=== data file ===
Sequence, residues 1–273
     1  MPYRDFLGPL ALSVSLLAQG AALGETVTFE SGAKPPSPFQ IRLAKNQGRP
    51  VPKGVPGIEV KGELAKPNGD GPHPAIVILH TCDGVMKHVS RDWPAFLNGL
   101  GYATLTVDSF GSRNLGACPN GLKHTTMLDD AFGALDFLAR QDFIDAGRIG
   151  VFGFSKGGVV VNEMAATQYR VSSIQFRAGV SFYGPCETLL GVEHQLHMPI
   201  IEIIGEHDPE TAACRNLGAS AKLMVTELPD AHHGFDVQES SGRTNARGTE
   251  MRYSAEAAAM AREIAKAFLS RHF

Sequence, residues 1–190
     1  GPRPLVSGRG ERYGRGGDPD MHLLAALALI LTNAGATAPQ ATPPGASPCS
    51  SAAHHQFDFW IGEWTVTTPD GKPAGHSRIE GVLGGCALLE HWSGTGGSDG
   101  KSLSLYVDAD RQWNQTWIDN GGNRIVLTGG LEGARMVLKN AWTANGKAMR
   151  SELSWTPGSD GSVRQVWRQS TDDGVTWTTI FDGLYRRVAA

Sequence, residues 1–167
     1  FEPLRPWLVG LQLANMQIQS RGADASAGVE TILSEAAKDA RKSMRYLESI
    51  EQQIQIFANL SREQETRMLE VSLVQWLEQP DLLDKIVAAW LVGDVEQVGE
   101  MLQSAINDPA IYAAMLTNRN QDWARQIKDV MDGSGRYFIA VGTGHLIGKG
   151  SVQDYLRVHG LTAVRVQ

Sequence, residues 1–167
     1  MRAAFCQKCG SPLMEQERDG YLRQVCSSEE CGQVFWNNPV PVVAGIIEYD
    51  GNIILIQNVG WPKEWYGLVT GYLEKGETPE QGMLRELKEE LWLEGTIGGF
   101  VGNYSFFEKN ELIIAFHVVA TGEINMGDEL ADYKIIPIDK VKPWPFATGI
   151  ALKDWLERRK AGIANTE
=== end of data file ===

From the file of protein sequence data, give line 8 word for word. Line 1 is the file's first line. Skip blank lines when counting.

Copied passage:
Sequence, residues 1–190